babysitter, an old woman named Mrs. Wardle, arrives at the house and immediately reveals herself to be a werewolf, though we're told even she is unaware of her condition. Luckily, the aliens zap the werewolf into unconsciousness. Unluckily, they also kidnap Niblet. So Gumby and crew gear up to mount a rescue mission, when a group of anthropomorphic astronaut bears shows up, chasing after the original kidnapper aliens, whom the space bears identify as Hysterians. The chase for the Hysterians leads to an island inhabited by pirates where their spaceship has crashed. The island is then attacked by a swarm of Hysterians mounting their own rescue misson, so the space bears, the pirates, and Gumby's gang team up for a final confrontation. The space bears depart, Gumby is elected king of the pirates to replace the one who died in the fight, and everybody sets sail back to America so Gumby and the other children can go home. For good measure, they first accidentally land at Halloweentown, where it's Halloween all the time (of course), and they help the citizens out by scaring off a pack of pumpkin-eaters, which aren't really explained in detail but I guess the name sort of says it all. Anyway, a witch from Halloweentown helps Gumby figure out how to use the crystal ball that belonged to the previous pirate king, and the kids make it home. There they find Wooster, now intensely, almost aggressively happy because he got married. The timeline is a little hazy on that, because the parents then show up as if they were returning from the same night out they left for earlier, but if you're looking for logic by that point, it's too late, because the robot kids go home and the comic ends.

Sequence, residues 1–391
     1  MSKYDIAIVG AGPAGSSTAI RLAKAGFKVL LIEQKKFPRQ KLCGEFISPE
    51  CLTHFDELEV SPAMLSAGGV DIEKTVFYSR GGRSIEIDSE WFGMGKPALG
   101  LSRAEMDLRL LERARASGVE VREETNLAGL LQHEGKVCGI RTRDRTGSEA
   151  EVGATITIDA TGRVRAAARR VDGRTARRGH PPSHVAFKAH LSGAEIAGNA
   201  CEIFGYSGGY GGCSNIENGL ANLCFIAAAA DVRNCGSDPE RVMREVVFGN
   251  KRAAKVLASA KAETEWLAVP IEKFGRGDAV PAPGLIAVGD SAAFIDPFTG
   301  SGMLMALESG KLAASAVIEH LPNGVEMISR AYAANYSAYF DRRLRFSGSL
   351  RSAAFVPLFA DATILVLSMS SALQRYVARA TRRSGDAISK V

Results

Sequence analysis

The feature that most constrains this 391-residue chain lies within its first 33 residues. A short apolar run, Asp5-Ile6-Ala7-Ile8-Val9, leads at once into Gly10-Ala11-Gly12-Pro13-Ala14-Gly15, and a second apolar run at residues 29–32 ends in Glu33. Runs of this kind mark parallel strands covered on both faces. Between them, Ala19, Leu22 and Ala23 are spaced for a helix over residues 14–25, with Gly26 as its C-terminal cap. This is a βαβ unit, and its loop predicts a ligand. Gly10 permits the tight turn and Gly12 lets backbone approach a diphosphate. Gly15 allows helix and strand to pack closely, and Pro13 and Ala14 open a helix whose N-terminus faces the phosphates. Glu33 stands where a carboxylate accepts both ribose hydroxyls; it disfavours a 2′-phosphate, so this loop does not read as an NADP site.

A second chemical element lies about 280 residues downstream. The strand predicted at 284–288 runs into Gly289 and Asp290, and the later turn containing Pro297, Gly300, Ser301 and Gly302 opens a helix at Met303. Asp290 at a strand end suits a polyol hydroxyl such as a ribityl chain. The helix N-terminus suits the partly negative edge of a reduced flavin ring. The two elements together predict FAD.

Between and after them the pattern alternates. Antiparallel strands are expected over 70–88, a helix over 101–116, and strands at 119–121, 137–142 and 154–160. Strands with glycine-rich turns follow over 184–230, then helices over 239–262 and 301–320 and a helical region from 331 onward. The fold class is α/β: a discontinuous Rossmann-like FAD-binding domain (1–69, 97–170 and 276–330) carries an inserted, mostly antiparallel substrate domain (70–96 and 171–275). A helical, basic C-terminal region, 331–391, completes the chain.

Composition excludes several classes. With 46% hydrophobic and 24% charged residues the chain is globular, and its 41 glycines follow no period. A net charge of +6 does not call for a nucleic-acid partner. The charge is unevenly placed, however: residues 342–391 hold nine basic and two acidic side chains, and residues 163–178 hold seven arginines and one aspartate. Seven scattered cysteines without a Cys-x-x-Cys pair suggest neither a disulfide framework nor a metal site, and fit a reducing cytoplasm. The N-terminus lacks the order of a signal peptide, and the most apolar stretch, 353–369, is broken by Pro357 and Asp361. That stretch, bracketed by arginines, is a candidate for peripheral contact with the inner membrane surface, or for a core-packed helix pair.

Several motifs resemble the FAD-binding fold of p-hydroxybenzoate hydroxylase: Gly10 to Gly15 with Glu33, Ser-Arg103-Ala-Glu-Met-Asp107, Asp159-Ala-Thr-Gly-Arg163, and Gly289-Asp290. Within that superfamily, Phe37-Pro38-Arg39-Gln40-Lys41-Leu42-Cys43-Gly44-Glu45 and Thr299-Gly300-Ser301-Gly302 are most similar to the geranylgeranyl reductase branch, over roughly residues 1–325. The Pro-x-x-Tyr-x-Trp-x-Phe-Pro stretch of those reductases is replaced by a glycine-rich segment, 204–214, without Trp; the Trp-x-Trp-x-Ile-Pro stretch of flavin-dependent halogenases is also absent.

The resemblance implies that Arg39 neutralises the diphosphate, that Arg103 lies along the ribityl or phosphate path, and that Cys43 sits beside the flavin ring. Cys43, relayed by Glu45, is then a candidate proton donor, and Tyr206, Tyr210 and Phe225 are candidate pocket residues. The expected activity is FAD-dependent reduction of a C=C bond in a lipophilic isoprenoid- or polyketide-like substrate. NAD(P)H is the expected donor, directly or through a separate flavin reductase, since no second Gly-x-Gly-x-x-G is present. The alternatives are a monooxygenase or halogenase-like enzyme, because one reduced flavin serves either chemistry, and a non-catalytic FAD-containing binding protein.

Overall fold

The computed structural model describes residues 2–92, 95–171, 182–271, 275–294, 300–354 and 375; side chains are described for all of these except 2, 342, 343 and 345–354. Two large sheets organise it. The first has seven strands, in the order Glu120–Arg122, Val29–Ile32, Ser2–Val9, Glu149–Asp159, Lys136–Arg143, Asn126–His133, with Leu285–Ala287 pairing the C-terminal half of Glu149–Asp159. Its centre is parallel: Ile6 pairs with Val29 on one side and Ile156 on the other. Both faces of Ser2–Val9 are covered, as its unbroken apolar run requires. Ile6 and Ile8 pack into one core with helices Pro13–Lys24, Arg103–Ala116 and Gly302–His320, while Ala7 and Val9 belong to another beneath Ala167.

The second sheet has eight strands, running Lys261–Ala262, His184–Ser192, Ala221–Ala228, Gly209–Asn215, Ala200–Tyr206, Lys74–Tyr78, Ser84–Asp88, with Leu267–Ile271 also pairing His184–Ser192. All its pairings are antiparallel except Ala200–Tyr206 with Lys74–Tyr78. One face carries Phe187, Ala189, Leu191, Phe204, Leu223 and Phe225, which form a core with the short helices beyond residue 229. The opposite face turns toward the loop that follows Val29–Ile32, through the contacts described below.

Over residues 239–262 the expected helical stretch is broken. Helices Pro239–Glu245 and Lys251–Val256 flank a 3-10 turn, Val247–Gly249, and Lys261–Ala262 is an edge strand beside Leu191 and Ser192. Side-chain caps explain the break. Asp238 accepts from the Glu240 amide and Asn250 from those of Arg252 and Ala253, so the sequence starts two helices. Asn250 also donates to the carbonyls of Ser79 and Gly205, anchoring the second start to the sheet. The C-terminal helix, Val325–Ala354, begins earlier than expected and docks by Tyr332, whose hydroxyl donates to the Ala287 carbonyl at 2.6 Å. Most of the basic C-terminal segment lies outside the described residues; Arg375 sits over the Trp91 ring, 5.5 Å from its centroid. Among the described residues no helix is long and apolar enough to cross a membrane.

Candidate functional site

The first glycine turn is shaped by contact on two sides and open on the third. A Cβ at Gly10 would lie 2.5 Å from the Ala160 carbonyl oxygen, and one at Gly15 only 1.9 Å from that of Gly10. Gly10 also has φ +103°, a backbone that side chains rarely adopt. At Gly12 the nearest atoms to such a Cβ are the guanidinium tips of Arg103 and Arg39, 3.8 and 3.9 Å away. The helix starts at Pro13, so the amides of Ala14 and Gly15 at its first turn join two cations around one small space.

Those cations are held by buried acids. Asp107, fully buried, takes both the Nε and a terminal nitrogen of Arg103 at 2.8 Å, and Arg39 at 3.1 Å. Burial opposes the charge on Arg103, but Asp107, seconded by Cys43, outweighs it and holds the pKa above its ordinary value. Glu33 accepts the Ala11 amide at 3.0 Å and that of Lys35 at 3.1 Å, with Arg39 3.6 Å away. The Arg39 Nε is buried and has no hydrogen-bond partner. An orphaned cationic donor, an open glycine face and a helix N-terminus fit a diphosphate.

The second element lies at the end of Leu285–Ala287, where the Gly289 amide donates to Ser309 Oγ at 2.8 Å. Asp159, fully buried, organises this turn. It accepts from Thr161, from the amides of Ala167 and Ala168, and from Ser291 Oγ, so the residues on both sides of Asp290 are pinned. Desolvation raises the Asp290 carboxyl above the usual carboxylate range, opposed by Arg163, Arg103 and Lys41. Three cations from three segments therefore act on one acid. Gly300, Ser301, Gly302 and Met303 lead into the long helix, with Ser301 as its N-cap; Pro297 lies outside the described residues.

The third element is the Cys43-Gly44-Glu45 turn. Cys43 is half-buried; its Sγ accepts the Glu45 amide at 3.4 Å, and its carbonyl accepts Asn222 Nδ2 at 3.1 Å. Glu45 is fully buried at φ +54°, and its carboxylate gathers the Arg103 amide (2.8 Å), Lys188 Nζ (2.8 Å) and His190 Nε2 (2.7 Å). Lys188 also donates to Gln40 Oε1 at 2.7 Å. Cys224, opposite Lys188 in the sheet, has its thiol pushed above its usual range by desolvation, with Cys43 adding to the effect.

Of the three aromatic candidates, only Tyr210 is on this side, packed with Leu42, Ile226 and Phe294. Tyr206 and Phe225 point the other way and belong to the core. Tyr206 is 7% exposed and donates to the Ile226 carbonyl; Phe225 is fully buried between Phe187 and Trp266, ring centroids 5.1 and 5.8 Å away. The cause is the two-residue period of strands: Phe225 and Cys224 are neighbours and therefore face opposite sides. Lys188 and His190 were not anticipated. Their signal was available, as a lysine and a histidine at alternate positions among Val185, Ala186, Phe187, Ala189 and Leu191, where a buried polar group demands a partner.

Get all that? It's quite a lot when you type it all out like that, even for a double-sized issue. Burden crams in all those little episodes and frequent random detours, too. A single panel of a kid on the playground firing his cap gun. Or another pointing out that, when they play cowboys and Indians, the girl robot has to be an Indian because she's a girl, but it's ok because she likes being an Indian. Or the little skeleton boy in Halloweentown who sings, Happy boy. Happy boy. I'm a very happy boy. Look at all my beautiful pumpkins! There's so little purpose to the loose plot that does exist, Burden finds as many opportunities as he can to throw in chunks of extra pointlessness just for laughs. Not every one of these joke lands, but there's enough humor in the main story to make up for it. The script is a celebration of absurdity and imagination. It mashes genres together recklessly, and uses as many clichés as original elements. Sometimes it's a combination of the two, like how the space bears fuel their ship with honey. There are just so many ideas in here, big and small, new and old, it's very much like trying to follow the non-narrative of children at play.